A Musical Treasurehouse

Sangita Kala Acharya Sri. T. S. Parthasarathy

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Sri. T. S. Parthasarathy, veteran music & dance scholar and erstwhile secretary of the Music Academy passed away on Friday, Oct. 13th at his residence in Chennai. Aged 94, but alert and sprightly to his last days, he was a veritable encyclopedia on matters related to classical music and dance. He was a one-stop source for musicians, dancers and scholars looking for authoritative reference material.

Tiruvallikeni Srinivasan Parthasarathy, popularly known as TSP, was born on Sept. 8th 1913 in Chennai. He was educated at Madras & Calcutta Universities and earned degrees with distinction in Economics, Political Science, History and Sanskrit. After graduating in 1934, he was a journalist in Calcutta with a leading daily before joining the Indian Railways. He retired as the Chief Commercial Superintendent of the Northern Railway after serving the organization for 36 years in various capacities.

Music started as a hobby but soon turned into an all-consuming passion. Even while in School, he learnt Carnatic Music from eminent teachers. He studied in depth the theory of Carnatic Music, Bharatanatyam and allied dance forms, eventually becoming a respected musicologist. He served the Madras Music Academy as its Secretary for 18 years. He was well-versed in Sanskrit, Tamil, Telugu, Kannada, Hindi and Bengali.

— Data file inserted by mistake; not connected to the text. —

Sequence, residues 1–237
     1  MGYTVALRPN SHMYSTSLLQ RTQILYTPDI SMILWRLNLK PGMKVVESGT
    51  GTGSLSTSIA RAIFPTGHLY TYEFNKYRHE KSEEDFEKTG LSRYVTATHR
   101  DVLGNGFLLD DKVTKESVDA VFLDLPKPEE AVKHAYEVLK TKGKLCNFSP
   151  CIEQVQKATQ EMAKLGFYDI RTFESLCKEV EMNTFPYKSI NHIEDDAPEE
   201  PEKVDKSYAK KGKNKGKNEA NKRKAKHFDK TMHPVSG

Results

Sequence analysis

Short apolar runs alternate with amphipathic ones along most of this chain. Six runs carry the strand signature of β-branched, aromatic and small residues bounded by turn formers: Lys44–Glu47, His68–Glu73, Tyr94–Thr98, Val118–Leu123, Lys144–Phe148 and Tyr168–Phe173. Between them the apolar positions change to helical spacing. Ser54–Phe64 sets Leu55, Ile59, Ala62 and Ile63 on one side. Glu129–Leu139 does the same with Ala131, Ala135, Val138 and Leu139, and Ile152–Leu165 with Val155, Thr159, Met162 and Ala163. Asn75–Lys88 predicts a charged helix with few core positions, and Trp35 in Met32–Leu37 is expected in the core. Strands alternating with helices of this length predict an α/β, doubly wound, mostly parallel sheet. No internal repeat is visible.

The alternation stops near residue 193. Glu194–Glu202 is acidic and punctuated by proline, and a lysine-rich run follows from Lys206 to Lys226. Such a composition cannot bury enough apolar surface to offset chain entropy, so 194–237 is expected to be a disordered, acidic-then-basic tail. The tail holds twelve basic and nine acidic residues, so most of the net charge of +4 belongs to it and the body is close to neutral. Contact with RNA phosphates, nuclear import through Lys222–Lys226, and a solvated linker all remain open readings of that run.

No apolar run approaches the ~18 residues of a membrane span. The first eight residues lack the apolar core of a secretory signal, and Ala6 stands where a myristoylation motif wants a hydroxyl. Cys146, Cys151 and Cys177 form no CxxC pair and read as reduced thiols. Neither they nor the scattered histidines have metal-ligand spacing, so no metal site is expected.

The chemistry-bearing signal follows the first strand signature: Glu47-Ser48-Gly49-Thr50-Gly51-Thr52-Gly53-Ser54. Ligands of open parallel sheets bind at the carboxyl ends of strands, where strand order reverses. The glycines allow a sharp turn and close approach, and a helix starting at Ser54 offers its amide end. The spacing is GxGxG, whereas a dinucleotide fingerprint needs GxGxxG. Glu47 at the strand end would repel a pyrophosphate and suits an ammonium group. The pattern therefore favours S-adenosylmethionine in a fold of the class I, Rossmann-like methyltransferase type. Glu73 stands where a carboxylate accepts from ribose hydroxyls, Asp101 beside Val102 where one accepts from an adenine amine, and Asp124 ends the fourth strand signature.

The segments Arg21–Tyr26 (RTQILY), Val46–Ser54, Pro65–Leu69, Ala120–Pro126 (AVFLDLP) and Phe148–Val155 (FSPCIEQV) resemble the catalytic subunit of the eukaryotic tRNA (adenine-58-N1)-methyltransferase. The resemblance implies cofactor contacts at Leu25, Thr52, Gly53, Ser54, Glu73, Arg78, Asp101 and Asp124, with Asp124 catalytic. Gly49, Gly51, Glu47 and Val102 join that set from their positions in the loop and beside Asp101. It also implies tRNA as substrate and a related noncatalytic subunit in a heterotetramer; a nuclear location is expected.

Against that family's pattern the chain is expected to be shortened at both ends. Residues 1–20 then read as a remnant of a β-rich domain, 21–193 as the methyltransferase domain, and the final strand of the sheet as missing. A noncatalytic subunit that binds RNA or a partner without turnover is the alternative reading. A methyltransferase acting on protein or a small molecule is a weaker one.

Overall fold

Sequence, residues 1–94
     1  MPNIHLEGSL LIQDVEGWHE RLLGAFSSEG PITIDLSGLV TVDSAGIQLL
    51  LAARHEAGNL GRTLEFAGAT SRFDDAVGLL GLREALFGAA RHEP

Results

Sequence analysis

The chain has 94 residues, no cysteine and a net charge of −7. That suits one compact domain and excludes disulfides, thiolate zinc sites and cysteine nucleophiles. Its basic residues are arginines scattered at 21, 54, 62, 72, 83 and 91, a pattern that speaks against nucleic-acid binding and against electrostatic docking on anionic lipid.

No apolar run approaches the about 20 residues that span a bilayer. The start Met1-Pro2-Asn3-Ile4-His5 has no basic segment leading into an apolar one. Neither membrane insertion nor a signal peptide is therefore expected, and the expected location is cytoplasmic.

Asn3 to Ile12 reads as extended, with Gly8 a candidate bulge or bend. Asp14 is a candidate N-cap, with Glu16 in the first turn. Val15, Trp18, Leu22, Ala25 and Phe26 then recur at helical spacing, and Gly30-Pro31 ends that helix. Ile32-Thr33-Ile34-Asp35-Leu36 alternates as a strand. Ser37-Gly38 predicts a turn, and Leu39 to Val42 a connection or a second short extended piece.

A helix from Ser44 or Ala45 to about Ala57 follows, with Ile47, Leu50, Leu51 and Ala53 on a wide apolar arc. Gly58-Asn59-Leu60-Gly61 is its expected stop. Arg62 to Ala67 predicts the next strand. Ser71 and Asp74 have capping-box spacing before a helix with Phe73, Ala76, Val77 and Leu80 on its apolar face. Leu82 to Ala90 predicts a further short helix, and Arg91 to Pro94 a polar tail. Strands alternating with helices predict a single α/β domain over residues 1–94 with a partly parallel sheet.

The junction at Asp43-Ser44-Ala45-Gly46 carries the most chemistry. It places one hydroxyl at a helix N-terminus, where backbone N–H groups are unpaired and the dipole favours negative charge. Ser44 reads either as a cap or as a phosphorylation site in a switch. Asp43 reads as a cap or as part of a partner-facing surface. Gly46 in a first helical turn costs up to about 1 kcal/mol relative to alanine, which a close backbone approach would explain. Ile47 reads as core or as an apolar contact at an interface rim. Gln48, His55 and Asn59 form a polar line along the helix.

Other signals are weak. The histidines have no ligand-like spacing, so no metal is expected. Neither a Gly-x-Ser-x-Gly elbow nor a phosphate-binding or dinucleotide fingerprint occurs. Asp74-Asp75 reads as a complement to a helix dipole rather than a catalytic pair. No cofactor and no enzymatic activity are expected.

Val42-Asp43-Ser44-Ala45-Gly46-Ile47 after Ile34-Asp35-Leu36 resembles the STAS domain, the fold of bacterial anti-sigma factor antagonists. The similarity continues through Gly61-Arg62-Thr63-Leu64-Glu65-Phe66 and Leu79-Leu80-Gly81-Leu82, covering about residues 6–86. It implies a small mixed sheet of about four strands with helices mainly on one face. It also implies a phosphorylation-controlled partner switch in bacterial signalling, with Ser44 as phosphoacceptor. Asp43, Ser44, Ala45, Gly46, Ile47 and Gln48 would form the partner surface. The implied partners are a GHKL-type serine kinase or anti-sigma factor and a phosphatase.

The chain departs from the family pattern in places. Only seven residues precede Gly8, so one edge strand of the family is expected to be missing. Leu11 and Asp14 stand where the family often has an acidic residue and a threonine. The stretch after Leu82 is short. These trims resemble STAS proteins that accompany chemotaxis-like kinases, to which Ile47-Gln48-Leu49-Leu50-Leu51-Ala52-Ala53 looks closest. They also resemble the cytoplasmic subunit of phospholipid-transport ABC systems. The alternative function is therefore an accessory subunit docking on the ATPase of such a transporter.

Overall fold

Several honors also came his way such as a fellowship of the Sangeet Natak Academy in 1992, Sangita Kala Acharya title from the Music Academy in 1995 and Emeritus Fellowship from the Dept. of Culture, Govt. of India.

Over the years, he compiled hundreds of compositions in different languages from original manuscripts and researched their authenticity, style and content before translating them into different languages. His first work was the translation of Tagore’s seven plays from Bengali to Tamil for the Sahitya Academy. But his magnum opus was the 1967 publication of the complete works of Tyagaraja in Tamil script with meaning. He was also responsible for inscribing the complete works of Tyagaraja on marble slabs at Tiruvaiyaru, the village of the bard. He has authored several books, journals, articles and monographs on music and dance. He was an art critic for the Indian Express and book reviewer for The Hindu as well as accredited guide to several Ph. D. scholars in music and dance.

His hallmarks were his simplicity and the free sharing of his vast knowledge and musical resources with anyone who sought it. He was a father figure to scores of artistes, thus making his demise an irreparable loss to the music and dance community.

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